Improving Health in Diverse Communities:
The Community Health Worker Project
ICSI member CentraCare Health is making progress helping patients manage their diabetes in the St. Cloud, Minnesota area with its Community Health Worker project. This two-year project, started in March 2015, has allowed CentraCare to hire community health workers (CHWs), address cultural and language barriers, and partner with local employers and nonprofits to identify areas to improve diabetes health care. The project, funded by the Minnesota Department of Health, is primarily focused on working with the Hispanic and East African communities.
Led by program manager Eunice Adjei-Gyimah and three CHWs, the team utilizes chronic diabetes registry data to identify patients that would benefit from more consistent, coordinated care. The CHWs use their electronic medical record (EMR) to stratify and document patients and coordinate their care between primary care providers, diabetes educators, pharmacists and health care home coordinators.
Typically, when the primary care provider refers a patient for a home visit, a CHW visits with the patient and then recommends next steps for care coordination. Even though diabetes is the project’s main focus, there are sometimes opportunities to help with other issues impacting their health, such as a need for affordable housing. The program has reached nearly 400 patients so far, with some notable results, such as reducing blood sugar levels for a number of patients that were above 400 before the care coordination to 120 afterward.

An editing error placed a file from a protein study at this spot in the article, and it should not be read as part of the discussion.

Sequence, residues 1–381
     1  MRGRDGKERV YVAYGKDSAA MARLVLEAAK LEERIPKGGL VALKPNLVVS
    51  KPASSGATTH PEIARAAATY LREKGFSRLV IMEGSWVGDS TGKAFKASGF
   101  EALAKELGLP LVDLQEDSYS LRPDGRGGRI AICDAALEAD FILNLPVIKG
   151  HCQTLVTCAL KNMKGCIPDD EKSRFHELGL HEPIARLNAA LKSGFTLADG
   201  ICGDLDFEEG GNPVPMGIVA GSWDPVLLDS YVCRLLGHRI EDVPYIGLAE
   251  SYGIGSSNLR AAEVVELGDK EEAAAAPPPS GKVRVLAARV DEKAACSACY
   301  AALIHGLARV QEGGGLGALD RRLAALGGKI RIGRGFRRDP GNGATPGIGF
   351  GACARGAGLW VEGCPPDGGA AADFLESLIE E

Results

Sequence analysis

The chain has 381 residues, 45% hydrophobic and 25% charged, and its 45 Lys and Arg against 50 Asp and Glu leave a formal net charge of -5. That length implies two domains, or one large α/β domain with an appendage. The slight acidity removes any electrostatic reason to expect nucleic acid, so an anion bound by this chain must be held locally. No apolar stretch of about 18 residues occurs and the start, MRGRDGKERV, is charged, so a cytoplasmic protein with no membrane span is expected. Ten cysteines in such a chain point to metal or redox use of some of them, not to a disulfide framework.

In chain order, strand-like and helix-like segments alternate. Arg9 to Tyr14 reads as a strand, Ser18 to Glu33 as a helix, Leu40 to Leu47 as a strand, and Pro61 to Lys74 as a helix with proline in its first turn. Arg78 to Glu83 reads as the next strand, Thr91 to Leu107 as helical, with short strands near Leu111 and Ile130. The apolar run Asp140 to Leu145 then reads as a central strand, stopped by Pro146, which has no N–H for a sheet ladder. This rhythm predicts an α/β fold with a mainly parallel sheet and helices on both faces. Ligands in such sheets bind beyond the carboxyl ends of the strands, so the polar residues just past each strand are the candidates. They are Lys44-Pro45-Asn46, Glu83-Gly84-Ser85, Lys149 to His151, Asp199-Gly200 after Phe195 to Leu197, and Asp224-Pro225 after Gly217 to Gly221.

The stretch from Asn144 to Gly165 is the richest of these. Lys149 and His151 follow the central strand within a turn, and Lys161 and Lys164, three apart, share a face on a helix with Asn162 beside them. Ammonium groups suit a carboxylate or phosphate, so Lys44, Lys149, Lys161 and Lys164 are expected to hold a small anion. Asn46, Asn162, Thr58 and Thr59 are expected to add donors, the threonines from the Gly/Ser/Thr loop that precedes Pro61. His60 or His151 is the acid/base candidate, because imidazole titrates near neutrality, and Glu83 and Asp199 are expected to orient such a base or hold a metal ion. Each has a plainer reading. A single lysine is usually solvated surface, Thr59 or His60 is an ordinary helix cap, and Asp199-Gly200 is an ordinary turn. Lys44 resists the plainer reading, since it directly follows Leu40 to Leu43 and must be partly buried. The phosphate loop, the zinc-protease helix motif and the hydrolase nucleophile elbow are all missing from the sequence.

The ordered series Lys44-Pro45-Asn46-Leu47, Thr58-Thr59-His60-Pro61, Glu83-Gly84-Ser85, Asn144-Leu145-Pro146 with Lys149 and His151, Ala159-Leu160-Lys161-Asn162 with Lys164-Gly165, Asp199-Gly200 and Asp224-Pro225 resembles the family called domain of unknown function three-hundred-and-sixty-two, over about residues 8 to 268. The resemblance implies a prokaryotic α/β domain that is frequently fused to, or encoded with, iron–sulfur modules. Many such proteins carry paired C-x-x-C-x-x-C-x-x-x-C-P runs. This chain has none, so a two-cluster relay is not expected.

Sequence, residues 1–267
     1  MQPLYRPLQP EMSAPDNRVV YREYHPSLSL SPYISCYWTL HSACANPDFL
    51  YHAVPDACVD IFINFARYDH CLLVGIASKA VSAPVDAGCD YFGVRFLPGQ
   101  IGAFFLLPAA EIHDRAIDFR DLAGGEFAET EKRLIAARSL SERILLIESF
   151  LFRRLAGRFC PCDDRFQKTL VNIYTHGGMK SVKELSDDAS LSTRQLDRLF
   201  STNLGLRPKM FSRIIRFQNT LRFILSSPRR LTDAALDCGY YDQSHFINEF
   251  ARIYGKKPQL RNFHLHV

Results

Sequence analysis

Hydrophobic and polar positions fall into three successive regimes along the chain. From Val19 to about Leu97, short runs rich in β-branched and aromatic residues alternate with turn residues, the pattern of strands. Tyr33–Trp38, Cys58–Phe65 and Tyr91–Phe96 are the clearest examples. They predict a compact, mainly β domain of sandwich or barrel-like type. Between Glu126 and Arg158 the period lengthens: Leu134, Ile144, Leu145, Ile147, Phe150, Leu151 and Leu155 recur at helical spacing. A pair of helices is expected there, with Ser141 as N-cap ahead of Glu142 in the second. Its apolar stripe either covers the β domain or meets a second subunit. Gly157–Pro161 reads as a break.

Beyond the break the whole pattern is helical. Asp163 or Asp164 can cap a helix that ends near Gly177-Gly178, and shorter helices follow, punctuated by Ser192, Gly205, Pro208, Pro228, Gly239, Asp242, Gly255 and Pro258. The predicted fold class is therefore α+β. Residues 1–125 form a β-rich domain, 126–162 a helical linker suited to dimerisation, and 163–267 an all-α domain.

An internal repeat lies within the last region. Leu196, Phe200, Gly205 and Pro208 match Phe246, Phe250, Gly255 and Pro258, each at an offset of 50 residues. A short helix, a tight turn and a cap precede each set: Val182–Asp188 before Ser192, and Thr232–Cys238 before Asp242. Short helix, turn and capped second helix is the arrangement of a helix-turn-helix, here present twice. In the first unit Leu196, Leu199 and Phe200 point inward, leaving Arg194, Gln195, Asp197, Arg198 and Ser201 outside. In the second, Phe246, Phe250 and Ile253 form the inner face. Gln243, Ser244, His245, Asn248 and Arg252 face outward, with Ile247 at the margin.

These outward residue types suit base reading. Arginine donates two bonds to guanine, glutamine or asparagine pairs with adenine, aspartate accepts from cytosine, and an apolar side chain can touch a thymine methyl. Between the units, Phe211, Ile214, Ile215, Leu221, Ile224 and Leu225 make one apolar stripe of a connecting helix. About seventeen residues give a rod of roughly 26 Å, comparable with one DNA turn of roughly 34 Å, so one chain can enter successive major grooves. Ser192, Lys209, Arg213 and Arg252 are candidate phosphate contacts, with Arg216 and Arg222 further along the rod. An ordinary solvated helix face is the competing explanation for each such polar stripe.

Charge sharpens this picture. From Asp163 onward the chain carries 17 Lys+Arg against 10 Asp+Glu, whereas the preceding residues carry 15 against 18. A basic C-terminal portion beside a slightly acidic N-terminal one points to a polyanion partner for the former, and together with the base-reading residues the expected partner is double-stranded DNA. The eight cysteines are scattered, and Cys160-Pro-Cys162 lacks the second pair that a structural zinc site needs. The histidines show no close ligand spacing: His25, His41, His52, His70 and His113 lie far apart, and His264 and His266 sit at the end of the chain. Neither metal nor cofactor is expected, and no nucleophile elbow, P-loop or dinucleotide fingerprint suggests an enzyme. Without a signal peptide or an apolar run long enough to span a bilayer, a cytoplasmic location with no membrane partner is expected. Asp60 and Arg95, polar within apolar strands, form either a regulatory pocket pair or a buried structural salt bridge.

Good communication and community partnerships are key to their success. For example, CentraCare partnered with the local Islamic center because people will come to a place of worship, and will feel comfortable attending an event there. “If their community leader (an Imam) is in attendance and says something, people in that community may also be more open to that information,” Adjei-Gyimah commented. “Working with the community to help identify and own whatever the problem(s) are in that community is a win-win for everyone,” she added.
Other partners that CentraCare is working with throughout its system to help this program succeed include:
- Diabetes education teams
- East-African and Latino community leaders and organizations, including the African Women’s Alliance and the Isaiah group
- Stearns County Public Health
- Various charitable organizations
“Bringing community health workers on board was an innovative concept for us, and is one way that CentraCare is going beyond our clinic walls,” Adjei-Gyimah said, noting that events and monthly leadership meetings are rotated among partner organizations to connect with the community and to break barriers and perceptions people have about health care. “This project is worthwhile in that it is allowing our workers to have an impact on the patient’s life and empowers the patient to navigate a complex health system so they can take better care of their health and that of their family,” she added. For more information, contact Eunice Adjei-Gyimah.
Pictured above, left to right are, front row: Eunice Adjei, Barretta Dante, Mahado Ali, Tess Foster, and Jennifer Wald. Back row: Fawzia Mohamed, Caryn Locke, Daniel Backes, Julia Draxten, Farhan Abdi, Michael Matanich, Paula Redemske, Caryn Locke, Paul Knutson, and Brittany Richter.